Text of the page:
Seven new firefighters are close to manning stations and trucks in Welland, says Deputy Chief Burt Lamoureux.
“The last day of the recruit program is June 24 and two weeks after that they’ll be on shift, responding and fully trained,” said Lamoureux.
Three of the seven recruited were to replace Welland Fire and Emergency Services firefighters who retired, while the other four were part of a hiring program approved last year by city council to boost the ranks.
Lamoureux said their training doesn’t end in June.
“They’ll be capable to respond and well-trained, but we’ll continue to hone their skills as they advance every year for the next four years. They’ll add new skills and be tested on them,” said Lamoureux, adding firefighters never stop learning.
One of the skills learned by the recruits — in a 10-week in-classroom and practical training program — is how to operate the fire services’ rescue boat.
“They are working on all aspects of water rescue,” said Lamoureux.
Those aspects include shore-based rescue with throw bags and life rings; water entry in dry suits and lifejackets with rapid deployment craft — often called a banana boat because of its yellow colour and shape; and the rescue boat, a landing craft style jet boat.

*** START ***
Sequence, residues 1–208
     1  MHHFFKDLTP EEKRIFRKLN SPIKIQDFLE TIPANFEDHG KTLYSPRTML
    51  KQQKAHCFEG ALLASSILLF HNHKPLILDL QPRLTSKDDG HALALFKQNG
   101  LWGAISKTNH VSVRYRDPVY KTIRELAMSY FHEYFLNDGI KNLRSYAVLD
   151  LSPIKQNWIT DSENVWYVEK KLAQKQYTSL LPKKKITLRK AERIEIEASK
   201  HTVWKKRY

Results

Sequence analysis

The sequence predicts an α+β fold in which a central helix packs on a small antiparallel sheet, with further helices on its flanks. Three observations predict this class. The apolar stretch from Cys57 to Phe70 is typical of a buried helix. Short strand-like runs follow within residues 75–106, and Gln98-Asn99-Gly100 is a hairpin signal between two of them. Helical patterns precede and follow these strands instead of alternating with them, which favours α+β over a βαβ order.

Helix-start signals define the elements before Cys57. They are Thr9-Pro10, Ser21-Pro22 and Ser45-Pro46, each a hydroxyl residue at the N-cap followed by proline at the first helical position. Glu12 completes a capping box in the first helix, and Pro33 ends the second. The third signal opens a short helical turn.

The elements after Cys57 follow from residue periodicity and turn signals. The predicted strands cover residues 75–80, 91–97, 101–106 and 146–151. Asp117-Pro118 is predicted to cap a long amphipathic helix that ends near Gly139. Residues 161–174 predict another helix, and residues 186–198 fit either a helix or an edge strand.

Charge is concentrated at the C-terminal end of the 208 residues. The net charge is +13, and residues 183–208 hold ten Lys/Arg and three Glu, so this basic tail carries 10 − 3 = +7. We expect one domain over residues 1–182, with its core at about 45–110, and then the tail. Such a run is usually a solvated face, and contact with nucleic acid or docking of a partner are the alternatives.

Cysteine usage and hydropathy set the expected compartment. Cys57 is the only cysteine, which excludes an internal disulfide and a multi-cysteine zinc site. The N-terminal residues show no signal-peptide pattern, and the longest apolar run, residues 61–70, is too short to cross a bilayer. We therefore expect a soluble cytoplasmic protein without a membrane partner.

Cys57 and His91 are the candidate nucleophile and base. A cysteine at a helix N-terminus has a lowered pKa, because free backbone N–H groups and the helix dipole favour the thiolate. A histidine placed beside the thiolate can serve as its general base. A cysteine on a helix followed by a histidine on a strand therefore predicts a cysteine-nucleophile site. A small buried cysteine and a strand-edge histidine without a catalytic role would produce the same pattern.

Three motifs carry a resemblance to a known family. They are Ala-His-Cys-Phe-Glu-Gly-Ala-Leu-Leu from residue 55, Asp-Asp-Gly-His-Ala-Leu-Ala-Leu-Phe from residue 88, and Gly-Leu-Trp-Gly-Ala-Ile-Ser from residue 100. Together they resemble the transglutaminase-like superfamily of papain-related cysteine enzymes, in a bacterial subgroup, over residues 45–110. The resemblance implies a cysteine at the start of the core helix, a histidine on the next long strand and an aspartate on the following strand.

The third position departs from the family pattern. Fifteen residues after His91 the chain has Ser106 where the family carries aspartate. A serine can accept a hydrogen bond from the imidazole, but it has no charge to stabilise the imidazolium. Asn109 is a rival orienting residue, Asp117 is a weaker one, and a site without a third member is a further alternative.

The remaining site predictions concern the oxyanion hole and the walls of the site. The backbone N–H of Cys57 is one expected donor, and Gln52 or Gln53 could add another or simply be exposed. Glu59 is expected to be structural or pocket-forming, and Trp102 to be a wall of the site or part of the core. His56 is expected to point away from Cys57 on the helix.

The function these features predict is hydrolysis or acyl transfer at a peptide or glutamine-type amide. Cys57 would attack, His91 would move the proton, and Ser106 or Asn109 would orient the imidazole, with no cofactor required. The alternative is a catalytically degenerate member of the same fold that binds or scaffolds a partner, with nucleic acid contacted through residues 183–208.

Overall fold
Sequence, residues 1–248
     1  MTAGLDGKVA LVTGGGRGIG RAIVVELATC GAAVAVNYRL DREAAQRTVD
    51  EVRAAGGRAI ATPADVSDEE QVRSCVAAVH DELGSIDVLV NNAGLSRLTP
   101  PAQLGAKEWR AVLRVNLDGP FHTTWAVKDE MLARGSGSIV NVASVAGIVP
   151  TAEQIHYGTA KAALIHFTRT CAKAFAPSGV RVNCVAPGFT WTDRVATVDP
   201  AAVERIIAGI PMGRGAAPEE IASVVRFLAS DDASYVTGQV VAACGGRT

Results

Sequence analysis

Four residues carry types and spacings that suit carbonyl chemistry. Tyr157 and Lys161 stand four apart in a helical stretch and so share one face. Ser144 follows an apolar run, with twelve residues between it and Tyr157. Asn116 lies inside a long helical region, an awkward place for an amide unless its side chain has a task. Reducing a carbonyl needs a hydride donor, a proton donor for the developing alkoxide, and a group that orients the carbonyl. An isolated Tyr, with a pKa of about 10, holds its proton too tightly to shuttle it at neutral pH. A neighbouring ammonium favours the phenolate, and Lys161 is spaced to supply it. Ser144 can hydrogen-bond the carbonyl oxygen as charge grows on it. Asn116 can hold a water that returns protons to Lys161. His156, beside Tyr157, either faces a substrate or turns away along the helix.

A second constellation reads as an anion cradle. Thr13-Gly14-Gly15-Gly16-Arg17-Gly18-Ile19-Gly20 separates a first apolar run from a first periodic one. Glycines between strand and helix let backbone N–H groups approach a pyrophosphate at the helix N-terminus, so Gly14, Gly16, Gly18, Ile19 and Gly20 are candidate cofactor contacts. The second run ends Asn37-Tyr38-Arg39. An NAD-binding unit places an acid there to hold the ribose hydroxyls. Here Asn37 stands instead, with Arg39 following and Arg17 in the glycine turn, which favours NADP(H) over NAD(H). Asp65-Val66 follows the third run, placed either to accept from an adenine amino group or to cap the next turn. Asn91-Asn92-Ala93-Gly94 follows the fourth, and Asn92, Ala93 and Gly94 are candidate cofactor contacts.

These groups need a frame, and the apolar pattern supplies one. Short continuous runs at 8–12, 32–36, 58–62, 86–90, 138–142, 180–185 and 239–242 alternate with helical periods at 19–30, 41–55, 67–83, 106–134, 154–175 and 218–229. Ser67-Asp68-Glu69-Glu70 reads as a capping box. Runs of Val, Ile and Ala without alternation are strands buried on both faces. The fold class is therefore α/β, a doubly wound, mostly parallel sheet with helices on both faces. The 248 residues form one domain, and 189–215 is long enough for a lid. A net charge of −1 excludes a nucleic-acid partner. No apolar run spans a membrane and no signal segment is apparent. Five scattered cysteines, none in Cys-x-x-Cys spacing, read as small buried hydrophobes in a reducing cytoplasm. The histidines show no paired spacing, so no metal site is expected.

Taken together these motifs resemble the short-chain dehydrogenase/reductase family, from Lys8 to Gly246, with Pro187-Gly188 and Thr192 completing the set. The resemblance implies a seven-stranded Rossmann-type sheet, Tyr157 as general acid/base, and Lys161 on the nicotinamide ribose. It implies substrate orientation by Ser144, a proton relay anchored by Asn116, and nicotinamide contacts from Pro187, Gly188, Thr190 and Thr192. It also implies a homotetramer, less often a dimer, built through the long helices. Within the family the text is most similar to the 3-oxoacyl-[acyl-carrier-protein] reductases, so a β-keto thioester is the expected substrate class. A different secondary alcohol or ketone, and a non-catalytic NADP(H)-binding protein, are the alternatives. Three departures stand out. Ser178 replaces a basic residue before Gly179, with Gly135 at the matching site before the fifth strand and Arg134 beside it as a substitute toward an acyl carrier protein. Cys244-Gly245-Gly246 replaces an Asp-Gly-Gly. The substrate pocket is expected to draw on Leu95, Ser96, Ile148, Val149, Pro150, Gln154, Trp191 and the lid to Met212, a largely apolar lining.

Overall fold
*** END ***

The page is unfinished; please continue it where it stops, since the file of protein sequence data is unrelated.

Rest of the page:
“All of our firefighters are trained how to operate the boat,” said Lamoureux, adding having a pleasure craft operating card is the first step.
Understanding the rules of waterways, safety aspects and how to perform actual rescue operations are part of the training.
The fire service also takes aspects of other vessel training programs and implements them into its program.
“In the water rescue world here’s a five-step concept — talk, reach, throw, row and go,” said Lamoureux.
Each step in the concept is an escalation from the talking stage, seeing if someone can make it in on their own, to the others with throw bags being used, firefighters suiting up and going in while tethered to shore, and using the banana boat to the rescue boat being deployed.
“Everyone does an annual refresher on open water, ice rescue and boat operations.”
With the new firefighters come two new fire trucks to be delivered later this year.
Welland city council recently approved the purchase of a 110’ Ascendant platform aerial truck and a Sabre pumper truck from Appleton, Wisc.,-based Pierce Manufacturing Inc., the largest fire truck manufacturer in North America.
The vehicles come in at just more than $2.5 million for the two — the pumper at $913,723, and the aerial at $1.59 million. Funds from the aerial purchase will be used to offset a shortfall in the pumper budget.